13) In short Pay Rs. 20- for every Rs. 1,000- Received.

i) Rs. 10- as tax to RBI
ii) Rs. 10- in your (L. P. F.) a/c. Could be use for social cause/ for your bad days.

14) L. P. F. (Less Privilege Fund)
of 18 L- Cr, with 60 Cr voters, will reduce dependency on the Government for the Social development.
Fund will be used for the Social cause / in your bad days.

15) Keep faith in 60 Cr voters, as they will take care of their neighbours, in need.
Also most will pay, if Tax is 1? & Simple to pay.
Only Indian can make better India.

16) Can consider more tax for Higher Receipt, say above 0.5 Cr per year, payable at the year ending.

17) All Transactions are Traceable as mobile number is once Bank a/c number & connected to PAN/ AADHAAR
/ Election card.....
So, No Corruption & Black Money Problem.

18) Babus Harassing the youth,
Traders, Voters.. who wants to work.
Babus are ruthless as they
pay "Protection Money" to......?
for Posting/ Promotion/ Permit...
Administrations Reform is a Must.
For getting Votes.

19) Farmers suicide can get reduced, by encouraging them to sell their farm products on Railways to commuter
& roads to motorists, also we need more Passenger Train, to help farmers to sell farm products, to nearby Towns.

20) Expecting Feedback on How to make India Peaceful Place by Refined, Simple Laws.
No blame game please.
Media/ Babus /Netas /Judicial Role is Eminent along with People.

For "Sare Jaha Se Achha Hindustan Hamara." forward this message.

Ramesh Bajaj

10 months ago

I have been waiting for last 20 years for my monies from Suman Motels scam.
The police keep on saying "we will be getting orders for attaching the properties from the Courts very soon".

The last time, I enquired, I was told case is on 22nd December, 2015. They have taken down my mobile number. I am waiting for their phone call.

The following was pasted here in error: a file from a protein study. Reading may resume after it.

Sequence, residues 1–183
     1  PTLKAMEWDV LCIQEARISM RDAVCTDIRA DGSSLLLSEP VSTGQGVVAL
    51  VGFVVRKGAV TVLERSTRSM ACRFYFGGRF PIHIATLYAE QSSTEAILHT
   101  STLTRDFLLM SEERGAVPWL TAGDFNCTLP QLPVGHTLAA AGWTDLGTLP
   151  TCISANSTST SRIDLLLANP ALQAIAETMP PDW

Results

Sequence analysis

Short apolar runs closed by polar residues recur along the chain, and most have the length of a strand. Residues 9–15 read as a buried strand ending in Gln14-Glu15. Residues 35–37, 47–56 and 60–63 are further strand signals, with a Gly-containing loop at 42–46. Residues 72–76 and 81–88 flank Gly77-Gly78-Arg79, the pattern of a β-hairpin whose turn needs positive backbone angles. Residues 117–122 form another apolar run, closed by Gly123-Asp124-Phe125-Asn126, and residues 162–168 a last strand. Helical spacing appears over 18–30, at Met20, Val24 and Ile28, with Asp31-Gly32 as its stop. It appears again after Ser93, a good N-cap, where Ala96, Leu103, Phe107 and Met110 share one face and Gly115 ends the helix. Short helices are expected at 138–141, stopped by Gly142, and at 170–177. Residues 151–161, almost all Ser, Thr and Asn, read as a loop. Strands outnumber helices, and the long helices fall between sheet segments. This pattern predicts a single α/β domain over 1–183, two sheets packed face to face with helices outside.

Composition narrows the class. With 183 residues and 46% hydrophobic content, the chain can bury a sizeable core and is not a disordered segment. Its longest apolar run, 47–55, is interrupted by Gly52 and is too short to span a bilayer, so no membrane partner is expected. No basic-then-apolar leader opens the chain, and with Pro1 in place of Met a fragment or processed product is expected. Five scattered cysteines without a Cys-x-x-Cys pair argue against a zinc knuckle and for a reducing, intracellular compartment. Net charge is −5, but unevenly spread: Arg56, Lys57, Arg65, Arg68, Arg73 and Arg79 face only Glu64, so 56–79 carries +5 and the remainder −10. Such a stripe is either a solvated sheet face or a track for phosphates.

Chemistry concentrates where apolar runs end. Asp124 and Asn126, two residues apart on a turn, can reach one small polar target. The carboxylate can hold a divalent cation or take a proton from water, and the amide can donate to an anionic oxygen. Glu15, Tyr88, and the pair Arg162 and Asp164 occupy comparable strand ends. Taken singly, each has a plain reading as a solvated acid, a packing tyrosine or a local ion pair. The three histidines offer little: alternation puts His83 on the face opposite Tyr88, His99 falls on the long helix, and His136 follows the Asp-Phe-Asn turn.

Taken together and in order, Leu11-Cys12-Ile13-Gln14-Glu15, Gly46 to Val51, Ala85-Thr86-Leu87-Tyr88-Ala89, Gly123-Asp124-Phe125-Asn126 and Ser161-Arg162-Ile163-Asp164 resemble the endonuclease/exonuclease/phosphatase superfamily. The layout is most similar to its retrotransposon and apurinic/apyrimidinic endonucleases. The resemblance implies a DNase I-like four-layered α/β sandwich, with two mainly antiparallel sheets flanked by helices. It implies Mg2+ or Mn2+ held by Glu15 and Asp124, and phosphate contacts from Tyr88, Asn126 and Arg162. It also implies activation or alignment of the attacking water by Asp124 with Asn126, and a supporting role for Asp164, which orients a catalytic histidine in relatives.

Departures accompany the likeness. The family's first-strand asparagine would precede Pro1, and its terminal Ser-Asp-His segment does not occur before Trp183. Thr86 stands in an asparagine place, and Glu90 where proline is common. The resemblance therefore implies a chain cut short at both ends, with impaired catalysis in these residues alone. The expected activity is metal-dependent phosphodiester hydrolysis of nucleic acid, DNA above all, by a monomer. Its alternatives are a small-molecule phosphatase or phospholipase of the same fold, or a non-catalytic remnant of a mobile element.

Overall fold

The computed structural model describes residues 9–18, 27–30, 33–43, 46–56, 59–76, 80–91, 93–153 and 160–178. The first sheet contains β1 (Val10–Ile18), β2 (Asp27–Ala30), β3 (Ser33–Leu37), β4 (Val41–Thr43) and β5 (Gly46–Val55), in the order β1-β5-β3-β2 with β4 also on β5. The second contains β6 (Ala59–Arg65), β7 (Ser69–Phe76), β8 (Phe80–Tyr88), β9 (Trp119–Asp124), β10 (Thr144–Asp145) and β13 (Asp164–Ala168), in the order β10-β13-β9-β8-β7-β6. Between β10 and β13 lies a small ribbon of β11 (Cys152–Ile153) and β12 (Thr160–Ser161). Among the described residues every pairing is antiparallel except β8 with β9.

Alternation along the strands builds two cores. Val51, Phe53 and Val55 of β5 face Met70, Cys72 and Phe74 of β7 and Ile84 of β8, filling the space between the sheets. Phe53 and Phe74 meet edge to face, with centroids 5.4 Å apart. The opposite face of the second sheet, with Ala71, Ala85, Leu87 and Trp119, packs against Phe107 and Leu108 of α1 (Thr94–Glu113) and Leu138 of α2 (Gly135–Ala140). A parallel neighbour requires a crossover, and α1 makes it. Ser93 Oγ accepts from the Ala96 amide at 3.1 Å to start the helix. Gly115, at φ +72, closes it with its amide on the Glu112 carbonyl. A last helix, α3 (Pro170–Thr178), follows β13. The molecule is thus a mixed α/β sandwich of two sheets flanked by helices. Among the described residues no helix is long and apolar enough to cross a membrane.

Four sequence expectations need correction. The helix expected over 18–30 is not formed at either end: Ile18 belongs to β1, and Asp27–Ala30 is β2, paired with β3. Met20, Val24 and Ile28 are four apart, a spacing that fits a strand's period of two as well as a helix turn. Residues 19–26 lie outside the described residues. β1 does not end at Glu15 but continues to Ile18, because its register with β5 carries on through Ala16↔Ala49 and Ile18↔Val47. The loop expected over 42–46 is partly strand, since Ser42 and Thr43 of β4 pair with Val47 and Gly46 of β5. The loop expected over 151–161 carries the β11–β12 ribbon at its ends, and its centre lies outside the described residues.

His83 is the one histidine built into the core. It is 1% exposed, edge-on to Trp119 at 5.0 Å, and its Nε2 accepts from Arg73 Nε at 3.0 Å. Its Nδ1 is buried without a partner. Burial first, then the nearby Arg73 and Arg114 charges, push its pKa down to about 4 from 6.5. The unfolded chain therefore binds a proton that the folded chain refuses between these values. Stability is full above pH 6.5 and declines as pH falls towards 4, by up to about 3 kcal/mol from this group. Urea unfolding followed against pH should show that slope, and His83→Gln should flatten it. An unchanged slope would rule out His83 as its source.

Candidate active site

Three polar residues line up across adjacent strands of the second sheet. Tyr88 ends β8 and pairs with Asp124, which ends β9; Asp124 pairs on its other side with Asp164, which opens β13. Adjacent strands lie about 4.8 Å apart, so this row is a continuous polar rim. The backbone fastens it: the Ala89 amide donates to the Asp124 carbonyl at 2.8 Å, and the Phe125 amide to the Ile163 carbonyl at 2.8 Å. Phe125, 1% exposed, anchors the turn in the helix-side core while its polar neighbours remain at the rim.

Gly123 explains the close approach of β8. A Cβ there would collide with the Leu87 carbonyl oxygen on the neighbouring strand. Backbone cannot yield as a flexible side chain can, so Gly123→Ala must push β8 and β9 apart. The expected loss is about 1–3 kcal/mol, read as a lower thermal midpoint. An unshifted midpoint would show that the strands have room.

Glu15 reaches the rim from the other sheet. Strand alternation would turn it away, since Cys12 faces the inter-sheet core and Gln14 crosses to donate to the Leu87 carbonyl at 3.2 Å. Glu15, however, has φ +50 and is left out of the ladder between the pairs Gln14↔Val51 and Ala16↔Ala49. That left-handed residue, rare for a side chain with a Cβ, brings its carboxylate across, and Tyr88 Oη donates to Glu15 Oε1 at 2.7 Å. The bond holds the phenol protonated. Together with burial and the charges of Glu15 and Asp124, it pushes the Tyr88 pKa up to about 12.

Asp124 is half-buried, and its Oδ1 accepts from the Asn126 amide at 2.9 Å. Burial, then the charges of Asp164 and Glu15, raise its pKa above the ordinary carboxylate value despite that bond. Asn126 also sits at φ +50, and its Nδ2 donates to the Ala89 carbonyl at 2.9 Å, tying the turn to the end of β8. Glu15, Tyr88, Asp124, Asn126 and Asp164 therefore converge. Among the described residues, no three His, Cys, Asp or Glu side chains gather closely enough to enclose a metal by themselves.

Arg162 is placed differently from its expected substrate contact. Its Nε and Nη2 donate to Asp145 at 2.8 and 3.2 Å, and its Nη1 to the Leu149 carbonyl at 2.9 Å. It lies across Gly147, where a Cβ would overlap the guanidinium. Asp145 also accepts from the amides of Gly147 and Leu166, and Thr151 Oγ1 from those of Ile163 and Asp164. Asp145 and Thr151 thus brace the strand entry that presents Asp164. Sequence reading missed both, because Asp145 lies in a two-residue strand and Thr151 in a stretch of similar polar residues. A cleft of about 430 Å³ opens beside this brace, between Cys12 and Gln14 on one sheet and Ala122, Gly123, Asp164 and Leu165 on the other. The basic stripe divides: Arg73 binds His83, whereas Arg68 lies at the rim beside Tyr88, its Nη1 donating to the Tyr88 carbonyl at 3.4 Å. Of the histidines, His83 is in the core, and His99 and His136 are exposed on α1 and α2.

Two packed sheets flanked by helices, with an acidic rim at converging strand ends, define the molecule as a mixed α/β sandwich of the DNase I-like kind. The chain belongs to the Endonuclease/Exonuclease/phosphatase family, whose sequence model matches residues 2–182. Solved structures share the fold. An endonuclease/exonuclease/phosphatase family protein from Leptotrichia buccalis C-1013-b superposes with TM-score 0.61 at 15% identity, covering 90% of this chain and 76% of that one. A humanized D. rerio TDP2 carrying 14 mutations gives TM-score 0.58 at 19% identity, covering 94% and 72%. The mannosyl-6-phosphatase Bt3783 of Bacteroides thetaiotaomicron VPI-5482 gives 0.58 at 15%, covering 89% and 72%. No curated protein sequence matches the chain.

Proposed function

Ramesh Bajaj

10 months ago

It is not only financial scam that is cause of anguish and worry.
I have been following up relentlessly with the sub-registrar's office, because a lease deed has been registered fraudulently, without my signature, with sub-registrar, old custom house. Even the share certificate attached to the lease deed does not reveal my name. (My name has been endorsed on the reverse of the share certificate 20 years ago ) Only the front side of share certificate is shown and on the reverses is a xerox copy of a tax challan.I have been running from pillar to post and all they keep on saying is go to court. Should everyone, can everyone go to court? Can everyone afford 10/ 20 years in court? Should not the Registering authorities file an FIR? It is frustrating because this way a false title will be created. Any one doing a search will see only front side of certificate.
I am 68 years old and it is very tiring and frustrating.
Everyone in the department seems to be having a cosy job, with no responsibilities and no accountability


Joscelyn DSouza

In Reply to Ramesh Bajaj 10 months ago

Dear Sir,

We would suggest you to visit our foundation website - We have free helplines. you can raise a query under the Legal resource Centre.

Moneylife Foundation Team


10 months ago

i am a retired bank manager. i plan to start a blog to explain banking in simple terms .
and if possible to highlight malicious marketing campaigns which use dangerous misinformation.
the one that comes to my mind is the 'wealth generating conk shell' campaign running for months on reputed tv channels on prime time slots in kerala

Vaibhav Dhoka

10 months ago

You have rightly said that GREED is the source for scam or cheating.But every nation has Regulators,Investigators and Judiciary to take action on wrongdoers.But in India all three have miserably failed in their duties.In case of regulators one does not know whether they go by rules or just acknowledge grievance and sleep with NO ACTION.More horrifying is police complaint(Investigators)they look with suspicion at complainant and avoid to take FIR.Only those in high and commanding position get their money back.It is Tip of Iceberg.If at all these two agencies act,our judiciary is biggest hurdle with its ever delayed justice.In short the SCAMSTERS are always in WIN WIN position.I am big looser from SEBI's and police inaction.